Global Science Report is a feature from the Center for the Study of Science, where we highlight one or two important new items in the scientific literature or the popular media. For broader and more technical perspectives, consult our monthly “Current Wisdom.”
In our post last week titled “Climate Alarmism: When is this Bozo Going Down?” we described how new research increasingly casts doubt on the validity of climate models and their projections of future climate change. It is increasing clear that climate models simply predict too much warming from human greenhouse gas emissions.
But the scientific community, or at least that part of it which makes its living off climate alarm, is slow to accept this.
Who can blame these folks? More money flows from the government into universities (or government labs) to study the effects of climate change if we all agree that human greenhouse gas emissions are leading to climate change of a dangerous magnitude.
So it is left to the emeritus or retired profs to lay bare the truth.
A fine example of this can be found in a recent article in the New York Times’ DotEarth blog run by ex-Times science reporter Andy Revkin. In his story looking into the implications of new scientific findings concerning the potential impacts of ocean circulation variability on our understanding of the behavior the global average surface history (parts of which we described in our last post), Revkin interviewed four prominent climate researchers. The level of confidence that each showed in the mainstream (climate model-driven) global warming meme (despite this new research suggesting that something may be rotten in the state of Denmark) appears proportional to how much professional advancement still lies ahead.
Josh Willis’ (a young scientist from the government’s Jet Propulsion Laboratory) views on climate change seemed unshaken by the new research:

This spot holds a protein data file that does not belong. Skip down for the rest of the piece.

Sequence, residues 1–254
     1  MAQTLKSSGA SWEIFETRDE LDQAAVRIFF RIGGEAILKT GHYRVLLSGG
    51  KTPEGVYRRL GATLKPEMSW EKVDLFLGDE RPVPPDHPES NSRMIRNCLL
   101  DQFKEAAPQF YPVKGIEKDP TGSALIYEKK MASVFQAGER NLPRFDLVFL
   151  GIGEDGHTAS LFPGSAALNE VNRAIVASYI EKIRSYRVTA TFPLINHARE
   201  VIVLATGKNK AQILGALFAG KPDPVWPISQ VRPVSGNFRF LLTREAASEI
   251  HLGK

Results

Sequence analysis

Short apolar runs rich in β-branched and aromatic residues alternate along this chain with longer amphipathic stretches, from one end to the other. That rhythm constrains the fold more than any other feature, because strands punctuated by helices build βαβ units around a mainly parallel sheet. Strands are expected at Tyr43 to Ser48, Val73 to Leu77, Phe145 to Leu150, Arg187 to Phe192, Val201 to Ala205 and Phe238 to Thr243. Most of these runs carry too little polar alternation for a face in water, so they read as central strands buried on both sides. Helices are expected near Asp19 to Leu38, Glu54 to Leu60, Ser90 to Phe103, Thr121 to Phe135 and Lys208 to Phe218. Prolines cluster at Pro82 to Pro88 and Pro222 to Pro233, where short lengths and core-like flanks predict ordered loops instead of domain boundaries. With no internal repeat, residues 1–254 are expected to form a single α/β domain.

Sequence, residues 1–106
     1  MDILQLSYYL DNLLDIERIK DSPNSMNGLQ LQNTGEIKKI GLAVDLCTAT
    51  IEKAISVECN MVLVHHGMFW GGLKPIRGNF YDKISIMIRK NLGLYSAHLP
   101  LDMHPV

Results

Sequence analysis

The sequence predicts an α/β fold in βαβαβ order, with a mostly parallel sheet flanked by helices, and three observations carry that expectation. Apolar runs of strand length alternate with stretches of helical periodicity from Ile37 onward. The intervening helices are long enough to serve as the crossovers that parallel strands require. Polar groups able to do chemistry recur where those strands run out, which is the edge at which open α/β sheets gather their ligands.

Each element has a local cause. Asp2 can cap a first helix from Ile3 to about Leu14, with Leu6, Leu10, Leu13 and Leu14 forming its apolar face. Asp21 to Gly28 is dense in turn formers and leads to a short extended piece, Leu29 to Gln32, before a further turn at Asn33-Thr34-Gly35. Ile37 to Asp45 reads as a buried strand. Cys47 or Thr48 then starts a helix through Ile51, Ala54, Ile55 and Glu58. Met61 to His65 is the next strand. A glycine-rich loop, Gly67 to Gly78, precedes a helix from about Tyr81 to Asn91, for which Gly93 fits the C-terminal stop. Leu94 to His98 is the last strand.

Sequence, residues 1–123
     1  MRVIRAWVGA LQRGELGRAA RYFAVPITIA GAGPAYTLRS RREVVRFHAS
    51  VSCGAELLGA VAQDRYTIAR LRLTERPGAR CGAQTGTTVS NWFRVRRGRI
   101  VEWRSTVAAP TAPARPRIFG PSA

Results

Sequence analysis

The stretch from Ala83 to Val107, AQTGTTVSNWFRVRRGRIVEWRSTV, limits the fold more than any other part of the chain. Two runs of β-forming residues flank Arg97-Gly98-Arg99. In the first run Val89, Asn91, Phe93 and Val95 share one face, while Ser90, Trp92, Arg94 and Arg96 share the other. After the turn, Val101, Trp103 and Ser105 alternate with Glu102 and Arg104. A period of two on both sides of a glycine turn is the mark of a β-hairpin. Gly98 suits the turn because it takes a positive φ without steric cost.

In regards to your question, if you mean how robust is the “slowdown” in global surface warming, the answer is it just probably just barely statistically significant. If you are wondering whether is it meaningful in terms of the public discourse about climate change, I would say the answer is no. The basic story of human caused global warming and its coming impacts is still the same: humans are causing it and the future will bring higher sea levels and warmer temperatures, the only questions are: how much and how fast?
Andrew Dessler, a mid-career professor at Texas A&M, appeared pretty much equally unmoved:
Second, I think it’s important to put the hiatus in context. This is not an existential threat to the mainstream theory of climate. We are not going to find out that, lo and behold, carbon dioxide is not a greenhouse gas and is not causing warming. Rather, I expect that the hiatus will help us understand how ocean variability interacts with the long-term warming that humans are causing. In a few years, as we get to understand this more, skeptics will move on (just like they dropped arguments about the hockey stick and about the surface station record) to their next reason not to believe climate science.
John Michael Wallace, a late-career professor at the University of Washington who recently became emeritus, expressed much more interest in the idea that the new research could lower confidence in just how much human greenhouse gases were impacting climate change:
…It seemed to me that the hiatus in the warming, which by then was approaching ten years in length, should not be dismissed as a statistical fluke. It was as legitimate a part of the record as the rapid rises in global-mean temperature in the 1980s and 1990s…
The new paper by Tung and Chen goes much farther than we did in making the case that Atlantic multidecadal variability needs to be considered in the attribution of climate change. I’m glad to see that it is attracting attention in the scientific community, along with recent papers of Kosaka et al. and Meehl et al. emphasizing the role of ENSO-like variability. I hope this will lead to a broader discussion about the contribution of natural variability to local climate trends and to the statistics of extreme events.
And finally Carl Wunsch, late-career professor emeritus at M.I.T. was pretty frank about the new research and the state of climate science:
The central problem of climate science is to ask what you do and say when your data are, by almost any standard, inadequate? If I spend three years analyzing my data, and the only defensible inference is that “the data are inadequate to answer the question,” how do you publish? How do you get your grant renewed? A common answer is to distort the calculation of the uncertainty, or ignore it all together, and proclaim an exciting story that the New York Times will pick up.
We couldn’t have said that better ourselves!